Monday, July 9, 2012

Intro Letter-December 2011

Last year was the first year I was able to work with this newsletter, Soul & Spirit. I learned a lot about editing, I learned a lot about Christian psychology, and I learned a lot about patience. We are already well into a new year and I am looking forward to this year as much as last. I expect some great contributions once again from a variety of authors, some old and some new.  This issue brings with it a variety of articles as always including an extended piece from Robert Yarbrough, PhD. As always, I welcome any thoughts you may have.

Jason Kanz, PhD
Marshfield Clinic

Dulling the Dichotomies: Antidotes to Antinomies in Paul

1.         The Seemingly Schizo Human Status Quo

Christians have always looked to the Bible for comfort and guidance. But more than a few passages taken in isolation might not seem particularly user-friendly for such purposes. Some examples:[i]

… all, both Jews and Greeks, are under sin, as it is written:

“None is righteous, no, not one; no one understands; no one seeks for God. All have turned aside; together they have become worthless; no one does good, not even one” (Rom 3:9-12; the litany continues for seven more verses).

I was once alive apart from the law, but when the commandment came, sin came alive and I died. The very commandment that promised life proved to be death to me. For sin, seizing an opportunity through the commandment, deceived me and through it killed me (Rom 7:9-11).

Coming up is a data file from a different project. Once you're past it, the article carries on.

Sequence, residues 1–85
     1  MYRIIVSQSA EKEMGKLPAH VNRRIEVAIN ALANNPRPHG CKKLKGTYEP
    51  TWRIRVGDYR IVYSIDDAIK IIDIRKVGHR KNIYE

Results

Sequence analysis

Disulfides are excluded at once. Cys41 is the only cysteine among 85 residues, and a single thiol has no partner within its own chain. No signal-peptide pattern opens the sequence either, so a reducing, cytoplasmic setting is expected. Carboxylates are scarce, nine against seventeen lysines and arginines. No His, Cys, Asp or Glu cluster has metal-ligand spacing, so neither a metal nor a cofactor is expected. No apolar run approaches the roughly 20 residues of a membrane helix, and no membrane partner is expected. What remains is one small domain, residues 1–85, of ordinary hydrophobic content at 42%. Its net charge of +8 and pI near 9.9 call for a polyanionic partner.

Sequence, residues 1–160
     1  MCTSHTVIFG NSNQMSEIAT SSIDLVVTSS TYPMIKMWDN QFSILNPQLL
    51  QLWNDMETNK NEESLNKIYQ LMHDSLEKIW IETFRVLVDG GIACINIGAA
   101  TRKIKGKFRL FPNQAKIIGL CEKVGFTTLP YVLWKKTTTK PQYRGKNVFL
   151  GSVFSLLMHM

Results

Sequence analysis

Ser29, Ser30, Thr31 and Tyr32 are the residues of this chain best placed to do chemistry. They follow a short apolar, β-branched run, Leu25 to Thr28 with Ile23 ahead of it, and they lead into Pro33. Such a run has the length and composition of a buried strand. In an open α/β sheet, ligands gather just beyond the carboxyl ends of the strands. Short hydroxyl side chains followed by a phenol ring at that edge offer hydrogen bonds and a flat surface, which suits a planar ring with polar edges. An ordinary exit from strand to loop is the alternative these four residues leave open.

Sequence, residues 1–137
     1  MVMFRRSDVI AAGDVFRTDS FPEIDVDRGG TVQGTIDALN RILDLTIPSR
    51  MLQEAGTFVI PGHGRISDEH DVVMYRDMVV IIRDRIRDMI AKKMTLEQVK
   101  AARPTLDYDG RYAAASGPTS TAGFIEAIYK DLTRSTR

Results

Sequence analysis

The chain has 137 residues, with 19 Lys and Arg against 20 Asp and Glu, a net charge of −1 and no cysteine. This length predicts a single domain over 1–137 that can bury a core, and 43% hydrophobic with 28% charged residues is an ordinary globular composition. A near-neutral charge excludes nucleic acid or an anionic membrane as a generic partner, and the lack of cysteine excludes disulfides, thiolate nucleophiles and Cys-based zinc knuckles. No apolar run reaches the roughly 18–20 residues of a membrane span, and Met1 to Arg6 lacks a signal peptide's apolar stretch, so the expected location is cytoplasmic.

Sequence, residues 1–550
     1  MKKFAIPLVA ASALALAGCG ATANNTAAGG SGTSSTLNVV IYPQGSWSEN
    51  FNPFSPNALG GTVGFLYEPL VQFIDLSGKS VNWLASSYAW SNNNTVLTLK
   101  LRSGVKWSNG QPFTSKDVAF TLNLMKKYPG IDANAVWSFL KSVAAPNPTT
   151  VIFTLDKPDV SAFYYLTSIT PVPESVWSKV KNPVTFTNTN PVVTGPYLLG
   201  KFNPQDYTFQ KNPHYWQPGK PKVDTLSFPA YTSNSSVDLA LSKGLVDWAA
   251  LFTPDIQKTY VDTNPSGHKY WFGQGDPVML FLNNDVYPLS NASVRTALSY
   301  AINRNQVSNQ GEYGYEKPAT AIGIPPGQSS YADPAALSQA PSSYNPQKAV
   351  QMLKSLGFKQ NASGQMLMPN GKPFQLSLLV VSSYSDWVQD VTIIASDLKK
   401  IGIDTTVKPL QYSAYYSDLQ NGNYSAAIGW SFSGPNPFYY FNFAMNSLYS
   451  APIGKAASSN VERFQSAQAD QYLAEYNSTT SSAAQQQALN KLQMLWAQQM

For we know that the law is spiritual, but I am of the flesh, sold under sin. For I do not understand my own actions. For I do not do what I want, but I do the very thing I hate ….For I know that nothing good dwells in me, that is, in my flesh. For I have the desire to do what is right, but not the ability to carry it out. For I do not do the good I want, but the evil I do not want is what I keep on doing …. So I find it to be a law that when I want to do right, evil lies close at hand. For I delight in the law of God, in my inner being, but I see in my members another law waging war against the law of my mind and making me captive to the law of sin that dwells in my members. Wretched man that I am! Who will deliver me from this body of death? (Rom 7:14, 15, 18-19, 21-24)
… you are still of the flesh. For while there is jealousy and strife among you, are you not of the flesh and behaving only in a human way? (1 Cor 3:3)

Whom Do I Trust? or "The Heart of Christian Psychology"

In Eric Johnson’s (2010) “Psychology & Christianity: Five Views” we can follow, on the basis of a number of positions, the discussion on how psychology and Christian faith are related to each other. Johnson deserves thanks not only for presenting these five positions, but also for bringing individual advocates of each position together in a critical discussion in which each author comments on each article by the others.

Thanks to this variety of views, it came back to me again with renewed clarity that all our knowledge is partial and will pass away. The question I ask myself is: “Whom do we actually trust in developing psychological concepts and models, in our empirical work and in the resulting practical work in therapy and counselling: reason, our understanding? Our experience? Science? The triune God?

I would like to suggest this provocative definition of Christian psychology: a Christian psychology is the psychology – regardless of which of the five positions described in the book it may represent – which makes use of understanding, experience and science, but in all of these ultimately trusts God and genuinely reckons with his concrete help, whether in scientific research or in practical application with the desire to honour him.